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Step 2: Create a Test Class

In this step you will create a test class that will run tests on the control you just created. You can put tests in a separate source folder for better organization and so it's easier to exclude them later during packaging for production. Better yet, you can put the tests in a completely separate project, provided that the project dependencies are correctly configured. But, in this simple case, we will leave the control and test class in the same project.

In this section, you will:

To Create a New Source Folder and Package

Here, you'll create a new source folder to hold the test class.

  1. On the Project Explorer view, right-click MySharedControls and select New> Other.
  2. In the New dialog, open the Java node, select Source Folder, and click Next.
  3. In the Folder name field, enter src-test and click Finish.
  4. On the Project Explorer view, right-click the src-test folder and select New > Package.
  5. In the New Java Package dialog, in the Name field, enter sharedcontrols.test and click Finish.

To Create the Test Class

In this step you will create the class that tests your control.

  1. On the Project Explorer view, right-click the sharedcontrol.test package and select New > Other.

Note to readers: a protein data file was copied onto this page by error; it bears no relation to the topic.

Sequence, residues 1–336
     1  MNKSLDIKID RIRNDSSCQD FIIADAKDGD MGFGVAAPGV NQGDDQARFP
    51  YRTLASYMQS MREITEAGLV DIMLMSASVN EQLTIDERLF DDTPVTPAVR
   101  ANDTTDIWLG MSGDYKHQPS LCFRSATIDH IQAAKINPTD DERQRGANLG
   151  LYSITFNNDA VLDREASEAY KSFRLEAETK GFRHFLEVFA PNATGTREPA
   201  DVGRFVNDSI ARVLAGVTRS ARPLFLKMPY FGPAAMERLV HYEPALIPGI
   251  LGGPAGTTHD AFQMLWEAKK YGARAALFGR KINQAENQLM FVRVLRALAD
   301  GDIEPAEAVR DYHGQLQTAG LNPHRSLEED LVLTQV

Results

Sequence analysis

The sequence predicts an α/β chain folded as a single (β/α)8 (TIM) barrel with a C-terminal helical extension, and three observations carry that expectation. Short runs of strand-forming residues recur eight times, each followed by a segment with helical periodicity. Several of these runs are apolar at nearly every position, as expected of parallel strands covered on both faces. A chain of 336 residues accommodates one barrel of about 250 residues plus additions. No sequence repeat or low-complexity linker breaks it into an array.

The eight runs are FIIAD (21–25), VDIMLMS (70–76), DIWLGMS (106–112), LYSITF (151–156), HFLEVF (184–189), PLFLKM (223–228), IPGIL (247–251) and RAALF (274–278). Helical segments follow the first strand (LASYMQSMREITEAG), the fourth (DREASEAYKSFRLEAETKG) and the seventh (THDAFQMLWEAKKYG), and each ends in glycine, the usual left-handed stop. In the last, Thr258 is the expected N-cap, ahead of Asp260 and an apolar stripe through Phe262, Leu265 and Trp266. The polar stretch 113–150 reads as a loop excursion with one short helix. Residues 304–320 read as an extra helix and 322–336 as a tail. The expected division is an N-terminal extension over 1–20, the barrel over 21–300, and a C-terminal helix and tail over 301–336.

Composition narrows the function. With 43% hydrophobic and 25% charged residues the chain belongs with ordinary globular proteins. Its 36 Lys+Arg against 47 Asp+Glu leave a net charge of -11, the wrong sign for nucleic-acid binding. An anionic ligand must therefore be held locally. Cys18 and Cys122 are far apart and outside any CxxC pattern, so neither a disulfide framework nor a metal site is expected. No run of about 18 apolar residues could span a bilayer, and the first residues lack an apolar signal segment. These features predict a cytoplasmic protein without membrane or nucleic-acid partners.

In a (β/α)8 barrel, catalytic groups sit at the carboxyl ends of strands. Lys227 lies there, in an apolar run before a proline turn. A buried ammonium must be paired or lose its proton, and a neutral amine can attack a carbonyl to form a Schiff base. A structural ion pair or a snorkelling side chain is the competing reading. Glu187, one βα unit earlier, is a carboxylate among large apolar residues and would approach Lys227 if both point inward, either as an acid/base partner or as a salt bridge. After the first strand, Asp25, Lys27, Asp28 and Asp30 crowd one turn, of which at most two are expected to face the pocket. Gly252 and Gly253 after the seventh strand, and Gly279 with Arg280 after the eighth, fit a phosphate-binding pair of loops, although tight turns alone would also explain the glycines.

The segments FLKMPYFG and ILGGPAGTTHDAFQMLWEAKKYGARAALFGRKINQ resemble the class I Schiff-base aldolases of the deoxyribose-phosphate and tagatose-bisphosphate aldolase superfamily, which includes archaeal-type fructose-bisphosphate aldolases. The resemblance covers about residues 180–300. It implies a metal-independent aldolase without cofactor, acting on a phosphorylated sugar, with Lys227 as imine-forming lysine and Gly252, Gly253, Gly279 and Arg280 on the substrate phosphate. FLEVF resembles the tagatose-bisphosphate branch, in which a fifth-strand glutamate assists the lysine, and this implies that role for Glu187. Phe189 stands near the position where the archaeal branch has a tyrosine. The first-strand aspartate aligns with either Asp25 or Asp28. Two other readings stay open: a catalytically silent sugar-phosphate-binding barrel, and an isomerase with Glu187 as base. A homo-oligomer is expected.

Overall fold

2. In the New dialog open nodes Java > JUnit, select JUnit Test Case, and click Next.
  3. In the New JUnit Test Case dialog, click the link Click here.


  4. In the Properties for MySharedControls dialog, click OK.


  5. In the New JUnit Test Case dialog, in the Name field, enter EmployeeControlTestCase.
    In the Superclass field, enter org.apache.beehive.controls.test.junit.ControlTestCase.
    (Hint: in the Superclass field enter ControlTestCase and press Ctrl+Space Bar to fill in the remaining package names.)
    In the Class under test field, enter sharedcontrols.EmployeeControl.
    Click Next.

  6. Click Select All and then Finish.


  7. Edit the source code for so it appears as follows. Code to add appears in red. Make sure to delete the line of code fail("Not yet implemented");.
    package sharedcontrols.test;
    import org.apache.beehive.controls.api.bean.Control;
    import org.apache.beehive.controls.test.junit.ControlTestCase;
    public class EmployeeControlTestCase extends ControlTestCase {
        sharedcontrols.EmployeeControl employeeControl;  
         * Test method for 'sharedcontrols.EmployeeControl.getManagerNames()'
        public void testGetManagerNames() {
            String[] mgrs = employeeControl.getManagerNames();
            assertNotNull("Didn't find managers!", mgrs);
            assertTrue("Found wrong number of managers!", 
                        mgrs.length == 3); 

    (Notice that you were able to use the control simply by using the @Control field notation and didn't have to programmatically instantiate it yourself. That's the magic of ControlTestCase. By extending that class you inherit its setUp() and tearDown() methods that do the declarative wire-up for you.)

  8. Select Ctrl+Shift+S to save your work.

Related Topics

Testing Controls

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